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The Laundress Travel Pack

Designed to combat wardrobe malfunctions on the go, the travel pack from The Laundress has everything you need for fast-acting attention. Containing crease release, stain remover, air freshener, and even a special detergent for delicate fabrics, stains don’t have to be the travel-wardrobe ruiner they used to be.

The Carry-on Cocktail Kit

You’ll get to a different level of comfort with this Carry-on Cocktail Kit. Its tin case is filled with everything you need to make an Old Fashioned: a muddler, bitters, cane sugar, and a recipe card. Order the booze from your flight attendant, mix, then sit back and relax.

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Some review products are sent to us free of charge and with no incentive to offer a favorable review. We offer our unbiased opinions, positive and negative, and will never accept compensation to review a product.

Editor’s note: This story was originally published in 2018. It has been updated to reflect the most current information.

Categories
Airport Health & Wellness Passenger Rights

Travel in the Time of COVID-19—What You Need to Know

The 2020 coronavirus, or COVID-19 pandemic, has been a moving target when it comes to travel. Nobody knows how long it will continue, whether and which areas it might hit next, when and where it will plateau and start to ease off, or when the travel world might return to something like normal. The time frame for cases to begin diminishing is unknown. And even once a decrease occurs, it’s worth considering that the virus could return.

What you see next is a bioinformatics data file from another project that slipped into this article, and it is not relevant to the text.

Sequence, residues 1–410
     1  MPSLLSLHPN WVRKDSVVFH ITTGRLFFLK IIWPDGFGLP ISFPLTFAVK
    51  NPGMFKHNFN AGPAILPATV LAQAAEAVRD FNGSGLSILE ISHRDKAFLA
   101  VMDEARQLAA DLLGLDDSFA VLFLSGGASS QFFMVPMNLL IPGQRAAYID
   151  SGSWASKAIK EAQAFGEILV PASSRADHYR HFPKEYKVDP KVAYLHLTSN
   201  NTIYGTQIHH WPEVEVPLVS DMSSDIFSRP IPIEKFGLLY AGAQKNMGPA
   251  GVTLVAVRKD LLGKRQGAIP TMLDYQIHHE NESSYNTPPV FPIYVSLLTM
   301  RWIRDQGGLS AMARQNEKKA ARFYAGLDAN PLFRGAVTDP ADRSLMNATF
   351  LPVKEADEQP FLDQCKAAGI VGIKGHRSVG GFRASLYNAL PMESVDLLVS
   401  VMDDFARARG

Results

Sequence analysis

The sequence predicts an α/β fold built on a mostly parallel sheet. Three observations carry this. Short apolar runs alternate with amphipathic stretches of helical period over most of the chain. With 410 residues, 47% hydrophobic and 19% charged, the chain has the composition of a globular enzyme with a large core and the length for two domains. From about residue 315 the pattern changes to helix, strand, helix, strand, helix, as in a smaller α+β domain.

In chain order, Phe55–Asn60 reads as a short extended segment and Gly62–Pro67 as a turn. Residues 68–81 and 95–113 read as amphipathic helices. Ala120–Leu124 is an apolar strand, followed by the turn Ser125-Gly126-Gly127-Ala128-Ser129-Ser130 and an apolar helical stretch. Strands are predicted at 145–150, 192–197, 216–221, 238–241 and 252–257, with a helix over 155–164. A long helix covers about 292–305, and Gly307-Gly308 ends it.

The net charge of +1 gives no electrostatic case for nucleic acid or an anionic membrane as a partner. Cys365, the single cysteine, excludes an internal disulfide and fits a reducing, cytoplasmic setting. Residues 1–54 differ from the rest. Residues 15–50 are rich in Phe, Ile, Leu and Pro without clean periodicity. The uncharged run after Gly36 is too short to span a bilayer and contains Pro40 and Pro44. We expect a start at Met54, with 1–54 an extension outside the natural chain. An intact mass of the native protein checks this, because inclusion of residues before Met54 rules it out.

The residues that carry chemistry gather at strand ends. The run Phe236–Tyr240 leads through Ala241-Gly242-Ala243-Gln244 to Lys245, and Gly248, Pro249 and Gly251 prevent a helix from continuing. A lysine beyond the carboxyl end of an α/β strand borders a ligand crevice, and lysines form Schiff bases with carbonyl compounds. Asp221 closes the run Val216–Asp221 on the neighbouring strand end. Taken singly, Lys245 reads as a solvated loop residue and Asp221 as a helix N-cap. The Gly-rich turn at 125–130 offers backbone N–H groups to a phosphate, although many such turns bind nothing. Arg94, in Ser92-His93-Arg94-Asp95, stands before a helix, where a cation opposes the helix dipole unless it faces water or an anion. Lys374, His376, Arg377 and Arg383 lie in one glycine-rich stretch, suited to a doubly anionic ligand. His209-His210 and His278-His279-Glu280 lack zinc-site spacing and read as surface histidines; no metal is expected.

The first place travelers should look to for advice on the virus as it relates to travel plans is the Centers for Disease Control (CDC) via this page on destinations with COVID-19 alerts or warnings in place. It’s a good idea to bookmark it for updates, as the situation changes frequently.

Governments and travel suppliers have reacted by imposing rolling responses, with new cancellations and rule changes often. And with the U.S. State Department assigning a Global Level 4 Health Advisory (do not travel), existing travel plans for the next several weeks (or possibly months) poses a major quandary for many consumers.

SmarterTravel.com and its sister sites are regularly updating the following resource guides to travel companies’ COVID-19 responses:

The Main COVID-19 Travel Dilemmas to Consider

Travelers face three main areas of risk to think about:

  • Getting quarantined: If you need to travel, you almost certainly face the possibility of immediate quarantine of up to 14 days. If you’re lucky, it could be at home. But it could also place you in a strange city. U.S. citizens returning home from affected areas are being funneled to 13 airports where they will be screened and then asked to self quarantine.

Many countries have halted at least some flights, or closed their borders entirely. There are no indications about when normal activities will resume. The U.S. State Department currently assigns a Global Level Four Health Advisory (do not travel) for all international travel. The State Department also said Americans “should not travel by cruise ship.”